7 Barriers to Residential Mental Health Treatment for Executives
Executives and other high-powered individuals are no less likely to experience mental illness than other people, but they do face special barriers to residential mental health treatment that can keep them from getting the help they need to heal. By seeking specialized care that caters to the needs of executives, you can begin your recovery journey in a comfortable, private environment designed for your unique situation.
“I had a million excuses,” Matthew tells me. “I worked hard to deny my depression, even when it became clear as day to those around me, and my career was a big part of that.”
Matthew’s career was indeed impressive. Since getting his MBA, he had shot up through the ranks of the finance industry and by his 30s he was managing an 8-figure hedge fund. He was respected and even revered by his peers, who saw him as a shining star in the financial landscape. But while his professional life flourished, major depression began to creep in.
It started with a loss of energy. A loss of spark. A feeling of dread. His wife noticed and tried to intervene. “She would tell me, ‘You’re not yourself.’ But I always had a reason—it was stress from work, it was the big meeting, it was the market,” he says, “My work gave me what I believed to be concrete evidence that I had things under control and it also gave me reasons for my symptoms, in spite of which I was doing great professionally. That wouldn’t be the case if I were depressed, right? And even if I was, I couldn’t take time away to go to residential treatment; it would destroy everything I had worked for.”
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Exploring the Barriers to Mental Health Treatment for Executives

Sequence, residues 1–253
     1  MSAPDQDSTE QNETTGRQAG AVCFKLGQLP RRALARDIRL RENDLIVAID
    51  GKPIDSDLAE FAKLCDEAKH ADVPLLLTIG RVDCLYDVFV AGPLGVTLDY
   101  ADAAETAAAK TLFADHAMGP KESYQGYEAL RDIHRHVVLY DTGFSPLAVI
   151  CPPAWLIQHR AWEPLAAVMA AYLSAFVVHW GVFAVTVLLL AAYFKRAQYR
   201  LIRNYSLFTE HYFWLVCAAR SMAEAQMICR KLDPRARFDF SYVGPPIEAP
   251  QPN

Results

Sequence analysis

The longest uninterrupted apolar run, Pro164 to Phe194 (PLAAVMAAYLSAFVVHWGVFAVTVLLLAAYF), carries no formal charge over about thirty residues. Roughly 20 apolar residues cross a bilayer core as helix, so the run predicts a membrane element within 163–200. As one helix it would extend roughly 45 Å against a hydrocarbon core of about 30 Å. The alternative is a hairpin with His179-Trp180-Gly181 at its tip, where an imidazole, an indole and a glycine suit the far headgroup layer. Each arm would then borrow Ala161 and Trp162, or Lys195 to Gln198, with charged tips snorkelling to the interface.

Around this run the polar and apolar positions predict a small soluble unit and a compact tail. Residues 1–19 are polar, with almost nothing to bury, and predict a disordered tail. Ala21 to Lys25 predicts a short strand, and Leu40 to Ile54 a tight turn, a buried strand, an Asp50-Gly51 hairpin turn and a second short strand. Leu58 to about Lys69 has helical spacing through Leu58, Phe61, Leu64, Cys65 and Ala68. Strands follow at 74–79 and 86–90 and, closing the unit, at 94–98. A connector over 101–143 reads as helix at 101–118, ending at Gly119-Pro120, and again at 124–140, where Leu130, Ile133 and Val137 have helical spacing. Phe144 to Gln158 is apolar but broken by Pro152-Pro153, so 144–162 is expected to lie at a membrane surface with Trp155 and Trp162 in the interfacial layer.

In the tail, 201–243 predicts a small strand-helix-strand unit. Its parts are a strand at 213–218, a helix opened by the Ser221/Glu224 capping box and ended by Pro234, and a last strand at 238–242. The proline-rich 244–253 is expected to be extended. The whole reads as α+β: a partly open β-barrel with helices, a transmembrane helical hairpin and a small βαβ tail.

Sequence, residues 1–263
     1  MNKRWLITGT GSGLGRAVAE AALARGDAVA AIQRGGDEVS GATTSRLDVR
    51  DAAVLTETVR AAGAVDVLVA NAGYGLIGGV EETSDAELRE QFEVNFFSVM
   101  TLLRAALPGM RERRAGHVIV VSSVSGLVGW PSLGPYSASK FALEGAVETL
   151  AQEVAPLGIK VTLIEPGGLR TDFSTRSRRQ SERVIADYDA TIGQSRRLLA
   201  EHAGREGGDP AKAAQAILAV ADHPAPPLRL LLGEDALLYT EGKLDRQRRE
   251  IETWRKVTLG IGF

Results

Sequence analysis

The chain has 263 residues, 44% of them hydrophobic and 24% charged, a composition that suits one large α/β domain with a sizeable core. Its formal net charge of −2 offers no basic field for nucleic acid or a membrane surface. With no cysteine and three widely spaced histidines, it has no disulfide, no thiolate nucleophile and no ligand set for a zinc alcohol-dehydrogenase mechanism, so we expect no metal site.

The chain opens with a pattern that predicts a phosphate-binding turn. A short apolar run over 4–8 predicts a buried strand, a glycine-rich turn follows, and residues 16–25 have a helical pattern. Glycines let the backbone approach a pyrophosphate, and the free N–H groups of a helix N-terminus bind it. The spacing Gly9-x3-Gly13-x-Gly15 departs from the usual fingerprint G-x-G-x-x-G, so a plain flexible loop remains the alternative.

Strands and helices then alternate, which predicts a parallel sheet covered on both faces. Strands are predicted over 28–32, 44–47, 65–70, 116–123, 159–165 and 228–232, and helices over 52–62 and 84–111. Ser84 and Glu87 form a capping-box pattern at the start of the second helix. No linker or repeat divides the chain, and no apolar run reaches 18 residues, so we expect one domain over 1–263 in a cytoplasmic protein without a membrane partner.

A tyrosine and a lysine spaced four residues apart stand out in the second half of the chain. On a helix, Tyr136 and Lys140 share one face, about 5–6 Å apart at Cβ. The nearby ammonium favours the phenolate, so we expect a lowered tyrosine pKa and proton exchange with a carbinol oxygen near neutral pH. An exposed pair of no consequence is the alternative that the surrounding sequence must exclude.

Virtually everyone has reasons to not seek mental health treatment. Executives and other high-achieving individuals, however, often face special obstacles to residential treatment due to the nature of their disorders, their personalities, and their professional status. Realistically acknowledging and assessing those internal and external obstacles is a vital part of overcoming the denial and shame that can prevent you from beginning the healing process.
When we envision what serious mental illness looks like, most versions do not include a successful career. And, if your desire—consciously or unconsciously—is to deny the severity or even the existence of your disorder, it can be tempting to hold up your professional status as proof that you don’t need treatment. After all, would a person with a psychiatric disorder be thriving at work?
Despite the stereotypes, the answer is often a resounding “yes.” Many people with mental health issues are high achievers (or even over-achievers)—in fact, mental health and achievement are sometimes deeply connected, whether your mental illness contributes to your success or your work life contributes to your distress. Or both. If you value your career, taking control of your mental health is the best way to ensure that you will be able to work up to your potential and can fulfill your professional goals.
I’m Too Important